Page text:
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A Hocked Sensibility About Life Near Largo

By Frankie Metro

2 blue flags
wave from the pockets of
a rotund prospect.

the possibility of Crpytdom.

it's easy to tote such banners here.
but something in his slouched frame
gives me the impression he is too uneasy with his surroundings.
an underdeveloped gang mentality.
he's riding solo
on a beach cruiser bicycle.
with no ridged scowl or hardened posture.

dreadlock'd twins carry cell phones and
small baggies dangling from the corners of their pockets,
looking to score a quick buck or 20 they follow my empty camo pack.

I check myself for an equalizer,
find a small composition book, a blue pen, red lighter, and one cigarette.

a thought occurs to me: smashing the lighter
at their feet would startle them long enough
to plant the pen in a jugular vein.

an even scrap,
mano y' pusher.

I slog slowly to American Cash or Pawn.
Largo PoPo pulls into the lot.
there's a warrant for me somewhere.
and with only this almost expired
KY i.d.
there's little chance of hiding,
but he sits there idle. I walk in.

"Can I help you?"
"Yea I wanna sell this."
the disc is clean, no scratches.
"Give you 5 bucks for it."
Pause. One more pack of smokes,
and one more bus pass for the week.
"Yea I'll take it."
and the pig strolls in with paperwork in hand looking for the whereabouts of a name.

Passing old hustlers on the way back.
Hovering 'round an ol' smoker and reclining long
in ol' lawn chairs.

silence
and classic R&B RADIO.

leering, as the twins are at my back
cell phones leering at my pack.
I grip again my pen
but they change course as a Spanish hag crosses
the street with her purse strap clinched tight.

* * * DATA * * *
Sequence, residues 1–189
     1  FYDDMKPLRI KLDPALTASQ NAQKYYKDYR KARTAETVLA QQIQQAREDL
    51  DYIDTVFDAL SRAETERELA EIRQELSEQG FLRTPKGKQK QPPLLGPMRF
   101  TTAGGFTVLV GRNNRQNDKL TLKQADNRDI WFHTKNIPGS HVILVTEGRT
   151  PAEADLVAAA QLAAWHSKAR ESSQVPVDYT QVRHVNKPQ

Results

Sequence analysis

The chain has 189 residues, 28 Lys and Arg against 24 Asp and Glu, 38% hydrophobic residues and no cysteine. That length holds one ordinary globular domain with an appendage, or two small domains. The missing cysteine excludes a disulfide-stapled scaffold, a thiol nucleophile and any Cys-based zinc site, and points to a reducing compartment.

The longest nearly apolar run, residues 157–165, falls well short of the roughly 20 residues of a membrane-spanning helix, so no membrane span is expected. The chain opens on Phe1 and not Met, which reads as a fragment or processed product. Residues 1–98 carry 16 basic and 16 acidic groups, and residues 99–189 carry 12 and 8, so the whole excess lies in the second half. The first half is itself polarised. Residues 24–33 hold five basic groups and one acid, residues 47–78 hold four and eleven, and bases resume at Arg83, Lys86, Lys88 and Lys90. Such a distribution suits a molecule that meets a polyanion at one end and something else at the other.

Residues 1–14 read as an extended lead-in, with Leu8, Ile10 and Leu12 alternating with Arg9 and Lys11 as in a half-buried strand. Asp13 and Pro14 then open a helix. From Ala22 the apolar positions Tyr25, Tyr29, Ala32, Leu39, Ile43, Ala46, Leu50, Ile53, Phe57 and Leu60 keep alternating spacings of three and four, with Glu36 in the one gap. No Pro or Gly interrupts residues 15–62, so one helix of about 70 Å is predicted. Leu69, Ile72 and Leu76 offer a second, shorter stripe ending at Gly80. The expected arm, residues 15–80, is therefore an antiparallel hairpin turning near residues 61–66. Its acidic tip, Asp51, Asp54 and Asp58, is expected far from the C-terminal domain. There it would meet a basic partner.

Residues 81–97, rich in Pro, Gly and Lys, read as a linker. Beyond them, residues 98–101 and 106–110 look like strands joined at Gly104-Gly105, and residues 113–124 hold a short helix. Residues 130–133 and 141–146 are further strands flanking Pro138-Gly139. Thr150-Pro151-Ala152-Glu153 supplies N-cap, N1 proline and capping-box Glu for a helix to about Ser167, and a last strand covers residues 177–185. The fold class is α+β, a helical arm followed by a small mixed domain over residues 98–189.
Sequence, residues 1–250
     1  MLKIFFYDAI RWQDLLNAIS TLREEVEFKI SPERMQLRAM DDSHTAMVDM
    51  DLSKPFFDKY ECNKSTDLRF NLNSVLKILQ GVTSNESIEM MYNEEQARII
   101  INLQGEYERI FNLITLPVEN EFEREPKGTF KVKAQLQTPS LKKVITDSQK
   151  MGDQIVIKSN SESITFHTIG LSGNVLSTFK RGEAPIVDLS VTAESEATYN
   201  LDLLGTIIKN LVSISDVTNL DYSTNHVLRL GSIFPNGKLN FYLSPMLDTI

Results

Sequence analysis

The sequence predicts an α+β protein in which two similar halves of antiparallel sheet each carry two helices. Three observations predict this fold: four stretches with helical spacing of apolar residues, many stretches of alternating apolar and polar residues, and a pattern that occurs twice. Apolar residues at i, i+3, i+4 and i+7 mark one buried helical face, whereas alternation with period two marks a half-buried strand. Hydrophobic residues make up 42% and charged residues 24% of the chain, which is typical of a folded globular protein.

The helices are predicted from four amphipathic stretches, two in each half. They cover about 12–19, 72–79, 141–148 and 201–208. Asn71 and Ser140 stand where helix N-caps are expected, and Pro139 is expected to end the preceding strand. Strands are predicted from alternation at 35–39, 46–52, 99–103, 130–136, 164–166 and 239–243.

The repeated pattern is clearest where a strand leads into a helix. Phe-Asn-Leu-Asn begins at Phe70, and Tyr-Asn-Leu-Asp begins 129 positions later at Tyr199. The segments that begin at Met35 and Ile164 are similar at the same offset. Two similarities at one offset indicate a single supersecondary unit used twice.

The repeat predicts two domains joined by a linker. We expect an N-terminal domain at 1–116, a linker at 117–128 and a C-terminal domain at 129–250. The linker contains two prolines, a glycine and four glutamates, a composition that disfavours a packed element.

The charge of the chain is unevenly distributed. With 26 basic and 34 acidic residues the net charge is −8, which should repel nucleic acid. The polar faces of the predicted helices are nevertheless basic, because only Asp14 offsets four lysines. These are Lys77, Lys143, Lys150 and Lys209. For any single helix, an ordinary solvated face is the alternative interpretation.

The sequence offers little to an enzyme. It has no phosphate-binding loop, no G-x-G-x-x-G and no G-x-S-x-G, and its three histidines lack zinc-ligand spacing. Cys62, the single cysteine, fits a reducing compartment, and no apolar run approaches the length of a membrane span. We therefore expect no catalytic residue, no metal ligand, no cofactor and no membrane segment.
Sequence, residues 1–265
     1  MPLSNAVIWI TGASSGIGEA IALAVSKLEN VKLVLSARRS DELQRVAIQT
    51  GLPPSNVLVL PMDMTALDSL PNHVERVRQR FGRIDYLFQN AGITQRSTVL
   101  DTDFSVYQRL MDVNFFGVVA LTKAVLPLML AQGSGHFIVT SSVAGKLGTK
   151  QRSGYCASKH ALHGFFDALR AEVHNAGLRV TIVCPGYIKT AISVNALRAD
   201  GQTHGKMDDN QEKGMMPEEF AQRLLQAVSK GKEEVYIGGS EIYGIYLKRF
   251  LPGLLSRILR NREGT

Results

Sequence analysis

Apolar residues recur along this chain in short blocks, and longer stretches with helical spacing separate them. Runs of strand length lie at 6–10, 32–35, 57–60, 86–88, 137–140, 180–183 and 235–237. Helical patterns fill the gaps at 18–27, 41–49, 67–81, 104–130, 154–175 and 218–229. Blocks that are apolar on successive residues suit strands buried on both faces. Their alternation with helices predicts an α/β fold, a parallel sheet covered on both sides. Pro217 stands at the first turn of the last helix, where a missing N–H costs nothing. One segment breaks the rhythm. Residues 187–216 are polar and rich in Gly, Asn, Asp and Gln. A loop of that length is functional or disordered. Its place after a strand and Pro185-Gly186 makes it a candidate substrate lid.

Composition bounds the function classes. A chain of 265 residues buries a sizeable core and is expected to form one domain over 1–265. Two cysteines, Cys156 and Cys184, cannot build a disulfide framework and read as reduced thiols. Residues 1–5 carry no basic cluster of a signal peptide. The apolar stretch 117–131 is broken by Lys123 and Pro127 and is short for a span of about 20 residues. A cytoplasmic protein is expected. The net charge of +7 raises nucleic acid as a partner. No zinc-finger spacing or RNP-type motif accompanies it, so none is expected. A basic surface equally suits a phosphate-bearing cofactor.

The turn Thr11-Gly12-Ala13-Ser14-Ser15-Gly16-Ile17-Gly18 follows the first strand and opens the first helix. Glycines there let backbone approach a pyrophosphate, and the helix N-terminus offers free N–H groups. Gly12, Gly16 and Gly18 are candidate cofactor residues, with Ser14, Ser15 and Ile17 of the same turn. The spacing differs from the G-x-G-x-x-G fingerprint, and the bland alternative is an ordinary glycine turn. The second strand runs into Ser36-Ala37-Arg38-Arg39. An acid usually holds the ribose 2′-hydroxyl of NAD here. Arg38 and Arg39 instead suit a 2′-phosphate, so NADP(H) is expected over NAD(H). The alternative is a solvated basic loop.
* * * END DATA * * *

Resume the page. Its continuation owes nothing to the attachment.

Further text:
The last cigarette from the first pack
I smoke it to the butt,
taking in all the poison,
the smoke lilts through the breeze with little gasps of life.

the high noon sun and mosquitoes
wake for lunch.

Sometimes,
the
heat
is
unbearable
here.

 

About Frankie Metro

 
Three Cornflowers

By Stephen Schwegler

“I’m just going to powder my nose,” said Lesley.  “I’ll be right back.”

Lesley left the table and sauntered happily over to the restroom.  When she returned she noticed her date, Craig, had an insanely stupid look on his face.

“What it is?” asked Lesley.

“Nothing,” said Craig.

“No.  Seriously.  What?”

“I got you something.  I was going to wait until after dessert to give it to you, but if you want it now I guess that would be okay.”

“Aw, you didn’t need to get me anything.”

This was Lesley and Craig’s second date.  They had met a couple of weeks ago while attending a conference on hotel soap manufacturing in Baltimore.  As it turned out, they both lived in New Jersey and had an insatiable lust for miniature windmills. 

Craig reached into his jacket pocket and pulled out something small wrapped in tissue paper.  He opened it up and there sat a baby chick. 

“Chirp!” said the chick.

 

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